When is the last time you gave yourself an hour, much less a half-day, to reflect and think about what you could learn or apply that would make a difference to your personal satisfaction with your career? I’d venture to guess the vast majority of us only do so when required by outside forces, such as financial pressure, sickness or disease, or an employer’s dissatisfaction with our performance. Why wait to think about career satisfaction and potential changes until your mind is under a tremendous amount of pressure? Why not engage in that reflection and thinking when you are in a good place and not overly stressed? Although many of us can make good decisions while thinking on our feet, we all can make better decisions by giving ourselves time, focus, and energy to engage in self-evaluation. Think about it and then take action; you’ll be surprised how much better you will feel with the positive changes in your legal career.
Changes in your legal career don’t necessarily need to include wholesale changes to your work situation. What about attending more CLEs to become more knowledgeable in your area of practice or in a new area of practice you are mulling over? What about writing for personal satisfaction, whether it be a blog, magazine column (wink!), or book? What about volunteering more and either helping out with local clinics or taking on pro bono cases? These are just a few minor changes that can give you deep rewards in your personal satisfaction with your legal career.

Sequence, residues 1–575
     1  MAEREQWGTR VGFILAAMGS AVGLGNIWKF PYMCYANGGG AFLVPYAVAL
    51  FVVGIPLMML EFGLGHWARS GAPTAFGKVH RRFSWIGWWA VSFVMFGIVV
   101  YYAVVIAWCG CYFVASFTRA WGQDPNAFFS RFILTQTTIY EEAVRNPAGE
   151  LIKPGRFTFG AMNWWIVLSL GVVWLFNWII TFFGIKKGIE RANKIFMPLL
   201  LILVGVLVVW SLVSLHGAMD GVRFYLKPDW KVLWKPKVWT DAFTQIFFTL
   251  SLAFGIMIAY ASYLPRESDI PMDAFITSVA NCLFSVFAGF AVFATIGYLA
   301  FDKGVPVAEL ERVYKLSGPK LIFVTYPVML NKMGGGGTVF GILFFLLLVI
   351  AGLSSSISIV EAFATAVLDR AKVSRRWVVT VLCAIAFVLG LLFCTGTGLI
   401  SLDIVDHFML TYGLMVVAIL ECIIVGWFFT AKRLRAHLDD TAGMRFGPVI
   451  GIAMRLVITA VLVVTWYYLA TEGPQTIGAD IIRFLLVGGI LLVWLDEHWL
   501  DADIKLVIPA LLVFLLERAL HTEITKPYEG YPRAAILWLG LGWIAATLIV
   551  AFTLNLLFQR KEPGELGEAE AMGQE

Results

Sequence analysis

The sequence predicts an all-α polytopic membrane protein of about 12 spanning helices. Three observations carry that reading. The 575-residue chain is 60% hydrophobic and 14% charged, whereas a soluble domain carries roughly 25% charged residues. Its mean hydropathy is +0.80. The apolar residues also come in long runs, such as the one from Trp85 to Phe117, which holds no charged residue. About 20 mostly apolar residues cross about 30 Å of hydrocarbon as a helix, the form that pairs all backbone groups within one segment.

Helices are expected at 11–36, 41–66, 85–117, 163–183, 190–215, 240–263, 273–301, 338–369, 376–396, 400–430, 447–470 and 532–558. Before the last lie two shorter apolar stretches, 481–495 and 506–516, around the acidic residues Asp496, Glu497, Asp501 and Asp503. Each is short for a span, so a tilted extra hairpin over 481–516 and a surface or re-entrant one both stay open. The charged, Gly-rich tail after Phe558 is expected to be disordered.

The end of summer marks a natural time to begin new actions and behavior that lead to better habits and ways of living. Maybe your legal career is where you want it to be, but you recognize that there are other aspects of your life you wish to change, such as exercise, healthy eating, better sleeping patterns, more religious devotion, new volunteer efforts, or being more grateful. Lest you be fooled, such changes are not usually accomplished simply by wanting the change and having a good day or two, but rather by sustained, consistent effort over a long period of time.
The old cliché that it takes 21 days to form a new habit is nice, but its simplicity lulls us into a false sense of security. Even if we are successful in creating a new habit owing to 21 days of consistent effort, habits are not simply gained, never to be lost. We easily can lose a habit by taking too much time off from the habit. You must have an intention to follow through consistently with your habit until it becomes part of your subconscious and no longer thought of as a new habit but rather as a way of life. In the words of investor and motivational speaker Warren Buffet (paraphrasing Samuel Johnson’s The Vision of Theodore), “chains of habit are too light to be felt until they are too heavy to be broken.” Habits, whether intentional, positive habits or lazy, negative habits, will wrap themselves around you, so you must be ever vigilant about your habits of thought and behavior.